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Care home residents’ human rights violated during COVID-19, says Amnesty

Amnesty

Decisions taken by Government led to the violation of the human rights of older people during the COVID-19 pandemic, Amnesty International has said.

A report by the human rights group said older people’s right to life, right to health and right of non-discrimination were violated during the pandemic.

Kate Allen, Director of Amnesty International UK, said: “The Government made a series of shockingly irresponsible decisions which abandoned care home residents to die.

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“Discharged without being tested, thousands of older people were sent to care homes at great risk to themselves and other residents and to staff.

“The appalling death toll was entirely avoidable – it is a scandal of monumental proportions.

“As the country faces a second wave of coronavirus, we urgently need a full independent public inquiry into the care home scandal, so that lessons can be learned and lives protected, before any more lives are lost.”

The human rights group said care home residents in England had been effectively abandoned in the early stages of the pandemic.

The report highlights the 28,186 ‘excess deaths’ in care homes between 2 March and 12 June with over 18,500 residents dying with COVID-19 during the period.

Amnesty also notes the discharge of 25,000 patients from hospitals into care homes, including those infected with COVID-19, on 17 March.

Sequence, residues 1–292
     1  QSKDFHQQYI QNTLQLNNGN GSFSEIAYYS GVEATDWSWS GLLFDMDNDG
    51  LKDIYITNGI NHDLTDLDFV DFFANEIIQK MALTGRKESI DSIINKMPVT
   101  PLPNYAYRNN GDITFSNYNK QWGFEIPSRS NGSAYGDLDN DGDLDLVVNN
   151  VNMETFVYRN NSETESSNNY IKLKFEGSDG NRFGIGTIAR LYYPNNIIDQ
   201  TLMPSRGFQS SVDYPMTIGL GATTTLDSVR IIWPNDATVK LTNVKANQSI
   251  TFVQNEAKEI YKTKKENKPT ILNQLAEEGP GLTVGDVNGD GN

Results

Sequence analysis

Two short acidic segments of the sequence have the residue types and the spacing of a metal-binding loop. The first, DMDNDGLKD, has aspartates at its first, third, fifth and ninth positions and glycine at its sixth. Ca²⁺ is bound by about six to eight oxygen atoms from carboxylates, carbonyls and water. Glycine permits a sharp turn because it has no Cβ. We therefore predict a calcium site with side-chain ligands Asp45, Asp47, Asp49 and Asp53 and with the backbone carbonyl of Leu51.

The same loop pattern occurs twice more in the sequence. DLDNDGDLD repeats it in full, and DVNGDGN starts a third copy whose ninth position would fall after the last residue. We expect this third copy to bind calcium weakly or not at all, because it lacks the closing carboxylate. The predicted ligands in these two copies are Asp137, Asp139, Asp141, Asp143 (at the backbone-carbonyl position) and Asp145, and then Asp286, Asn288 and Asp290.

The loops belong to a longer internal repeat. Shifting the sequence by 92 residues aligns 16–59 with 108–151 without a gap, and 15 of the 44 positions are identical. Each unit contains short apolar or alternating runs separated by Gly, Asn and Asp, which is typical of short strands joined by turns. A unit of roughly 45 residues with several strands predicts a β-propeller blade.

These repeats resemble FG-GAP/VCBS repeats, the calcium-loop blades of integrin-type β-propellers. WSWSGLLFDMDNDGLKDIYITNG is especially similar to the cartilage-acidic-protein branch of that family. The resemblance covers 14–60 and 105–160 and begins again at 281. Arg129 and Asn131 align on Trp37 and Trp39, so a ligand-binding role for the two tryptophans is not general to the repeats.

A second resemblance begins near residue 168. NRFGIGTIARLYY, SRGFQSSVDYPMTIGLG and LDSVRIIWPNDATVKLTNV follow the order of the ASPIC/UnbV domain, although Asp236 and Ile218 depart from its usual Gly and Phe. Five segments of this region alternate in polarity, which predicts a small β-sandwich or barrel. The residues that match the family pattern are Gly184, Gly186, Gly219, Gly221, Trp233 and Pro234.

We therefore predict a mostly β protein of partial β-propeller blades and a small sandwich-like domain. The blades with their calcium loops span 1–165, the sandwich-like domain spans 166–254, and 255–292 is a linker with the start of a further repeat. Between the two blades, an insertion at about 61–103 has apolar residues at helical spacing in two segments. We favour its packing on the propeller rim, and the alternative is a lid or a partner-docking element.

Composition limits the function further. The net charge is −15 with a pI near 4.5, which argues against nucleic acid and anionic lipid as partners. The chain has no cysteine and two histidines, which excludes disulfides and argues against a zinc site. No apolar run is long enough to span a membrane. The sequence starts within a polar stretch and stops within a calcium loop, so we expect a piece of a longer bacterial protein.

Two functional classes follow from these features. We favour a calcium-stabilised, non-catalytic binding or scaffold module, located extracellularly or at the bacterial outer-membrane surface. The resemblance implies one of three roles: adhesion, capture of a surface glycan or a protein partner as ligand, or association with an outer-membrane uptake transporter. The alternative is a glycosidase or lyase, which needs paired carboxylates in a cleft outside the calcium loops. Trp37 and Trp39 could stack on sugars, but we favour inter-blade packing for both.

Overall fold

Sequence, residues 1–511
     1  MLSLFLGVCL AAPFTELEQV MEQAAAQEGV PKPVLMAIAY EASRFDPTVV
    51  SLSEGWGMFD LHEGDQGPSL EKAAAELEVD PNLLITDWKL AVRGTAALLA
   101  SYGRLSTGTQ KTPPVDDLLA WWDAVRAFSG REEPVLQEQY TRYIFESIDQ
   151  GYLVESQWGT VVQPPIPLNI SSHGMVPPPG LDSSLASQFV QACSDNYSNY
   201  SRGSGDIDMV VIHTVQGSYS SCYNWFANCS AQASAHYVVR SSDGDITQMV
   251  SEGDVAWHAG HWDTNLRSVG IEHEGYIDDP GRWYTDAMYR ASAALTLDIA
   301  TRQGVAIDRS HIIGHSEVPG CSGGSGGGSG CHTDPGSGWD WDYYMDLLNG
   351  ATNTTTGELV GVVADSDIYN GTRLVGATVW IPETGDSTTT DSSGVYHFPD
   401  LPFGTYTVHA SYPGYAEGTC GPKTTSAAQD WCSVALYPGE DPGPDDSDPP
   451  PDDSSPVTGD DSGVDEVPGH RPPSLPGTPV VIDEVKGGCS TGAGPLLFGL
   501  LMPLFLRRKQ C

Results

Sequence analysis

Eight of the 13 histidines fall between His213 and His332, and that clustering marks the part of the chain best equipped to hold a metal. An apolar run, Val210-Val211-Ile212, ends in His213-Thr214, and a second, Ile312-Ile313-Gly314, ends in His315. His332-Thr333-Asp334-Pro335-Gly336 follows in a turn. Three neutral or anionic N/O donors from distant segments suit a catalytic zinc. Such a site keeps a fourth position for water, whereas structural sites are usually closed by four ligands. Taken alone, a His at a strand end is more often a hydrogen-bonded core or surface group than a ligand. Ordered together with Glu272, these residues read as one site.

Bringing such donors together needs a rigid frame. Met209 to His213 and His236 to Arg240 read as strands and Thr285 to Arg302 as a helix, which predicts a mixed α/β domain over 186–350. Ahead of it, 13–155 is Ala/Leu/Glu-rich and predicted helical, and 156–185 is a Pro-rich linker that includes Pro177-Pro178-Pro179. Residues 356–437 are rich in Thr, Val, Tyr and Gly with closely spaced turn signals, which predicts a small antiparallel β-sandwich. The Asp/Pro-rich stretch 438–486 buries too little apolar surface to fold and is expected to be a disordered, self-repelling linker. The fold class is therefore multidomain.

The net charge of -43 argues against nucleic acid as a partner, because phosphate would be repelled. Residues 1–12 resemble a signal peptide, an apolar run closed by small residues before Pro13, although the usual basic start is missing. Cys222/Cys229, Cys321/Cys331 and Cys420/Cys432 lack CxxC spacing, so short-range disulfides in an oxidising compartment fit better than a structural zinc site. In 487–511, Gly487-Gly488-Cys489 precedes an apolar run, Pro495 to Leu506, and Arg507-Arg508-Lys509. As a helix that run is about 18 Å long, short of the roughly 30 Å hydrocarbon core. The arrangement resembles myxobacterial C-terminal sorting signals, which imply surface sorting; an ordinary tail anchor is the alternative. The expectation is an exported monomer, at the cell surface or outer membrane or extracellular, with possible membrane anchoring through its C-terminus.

The campaign group focuses on how the Government reiterated its guidance that ‘negative tests are not required prior to transfers/admissions into the care home’ despite the WHO having confirmed the existence of pre-symptomatic COVID-19 cases on 2 April.

Further key Government failings listed in the report include the issuing of blanket Do Not Attempt Resuscitation (DNAR) orders, refused access to hospitals, inadequate access to testing, insufficient PPE and the devastating impact of prolonged isolation.

The Department of Health and Social Care said it was “completely unacceptable” to apply blanket DNARs and had taken “consistent action” to stop this happening.

A spokesperson added: “From the start of the pandemic we have been doing everything we can to ensure care home residents and staff are protected.

“This includes testing all residents and staff, providing over 228 million items of PPE, ring-fencing over £1.1bn to prevent infections in care homes and making a further £3.7bn available to councils to address pressures caused by the pandemic – including in adult social care.”

 

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The author Lee Peart

1 Comment

  1. Care homes were hugley let down, we were treated as collateral
    Not just by government. As a care home, we have food delivered weekly by stores. Suddenly we were no longer able to get deliveries. So we would have to put our lives at risk to go shopping. But this was a daily risk, as the restrictions that had been put on food meant that we could only purchase 3 bottles of milk, 3 packets of toilet roll etc. This led to daily shopping trips, putting the care home managers at 7 times more risk than others.
    I like so many others went of sick during the first peak, I had a chest infection. I rang the GP for antibiotics in the 3rd week and was told had to isolate for 14 days. even though I knew it wasn’t COVID. On day 12 I was sent 100 miles to get test, this was the first day that tests were available to care staff.
    In all I was off 12 days, despite telling the GP’s that it couldn’t be COVID, explaining why I knew it wasn’t. I lost nearly £400. in my wages for this. yet the government were throwing money at people to keep them at home. Furlough, extra benefits for the unemployed, free school meal vouchers. Yest we got nothing to support us.
    The NHS were praised throughout and we were an afterthought that continued to be an afterthought.
    We are Collateral.

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